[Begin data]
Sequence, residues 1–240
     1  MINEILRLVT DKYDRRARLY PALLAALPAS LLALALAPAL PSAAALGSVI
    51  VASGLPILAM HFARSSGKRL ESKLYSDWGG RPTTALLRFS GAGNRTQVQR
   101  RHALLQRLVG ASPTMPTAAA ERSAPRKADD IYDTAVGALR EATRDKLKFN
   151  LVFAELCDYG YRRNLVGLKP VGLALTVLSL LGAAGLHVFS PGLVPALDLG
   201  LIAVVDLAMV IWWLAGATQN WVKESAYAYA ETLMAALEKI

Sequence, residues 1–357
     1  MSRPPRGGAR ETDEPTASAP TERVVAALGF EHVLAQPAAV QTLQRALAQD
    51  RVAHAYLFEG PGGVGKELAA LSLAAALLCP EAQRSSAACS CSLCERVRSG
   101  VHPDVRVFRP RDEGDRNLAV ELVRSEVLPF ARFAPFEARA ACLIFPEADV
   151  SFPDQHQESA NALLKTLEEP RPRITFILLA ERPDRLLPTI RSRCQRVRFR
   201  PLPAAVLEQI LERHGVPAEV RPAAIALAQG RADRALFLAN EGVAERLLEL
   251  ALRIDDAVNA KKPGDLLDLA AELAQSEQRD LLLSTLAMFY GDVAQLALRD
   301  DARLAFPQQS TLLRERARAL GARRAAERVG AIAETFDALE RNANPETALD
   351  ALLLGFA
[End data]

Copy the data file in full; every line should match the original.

Sequence, residues 1–240
     1  MINEILRLVT DKYDRRARLY PALLAALPAS LLALALAPAL PSAAALGSVI
    51  VASGLPILAM HFARSSGKRL ESKLYSDWGG RPTTALLRFS GAGNRTQVQR
   101  RHALLQRLVG ASPTMPTAAA ERSAPRKADD IYDTAVGALR EATRDKLKFN
   151  LVFAELCDYG YRRNLVGLKP VGLALTVLSL LGAAGLHVFS PGLVPALDLG
   201  LIAVVDLAMV IWWLAGATQN WVKESAYAYA ETLMAALEKI

Sequence, residues 1–357
     1  MSRPPRGGAR ETDEPTASAP TERVVAALGF EHVLAQPAAV QTLQRALAQD
    51  RVAHAYLFEG PGGVGKELAA LSLAAALLCP EAQRSSAACS CSLCERVRSG
   101  VHPDVRVFRP RDEGDRNLAV ELVRSEVLPF ARFAPFEARA ACLIFPEADV
   151  SFPDQHQESA NALLKTLEEP RPRITFILLA ERPDRLLPTI RSRCQRVRFR
   201  PLPAAVLEQI LERHGVPAEV RPAAIALAQG RADRALFLAN EGVAERLLEL
   251  ALRIDDAVNA KKPGDLLDLA AELAQSEQRD LLLSTLAMFY GDVAQLALRD
   301  DARLAFPQQS TLLRERARAL GARRAAERVG AIAETFDALE RNANPETALD
   351  ALLLGFA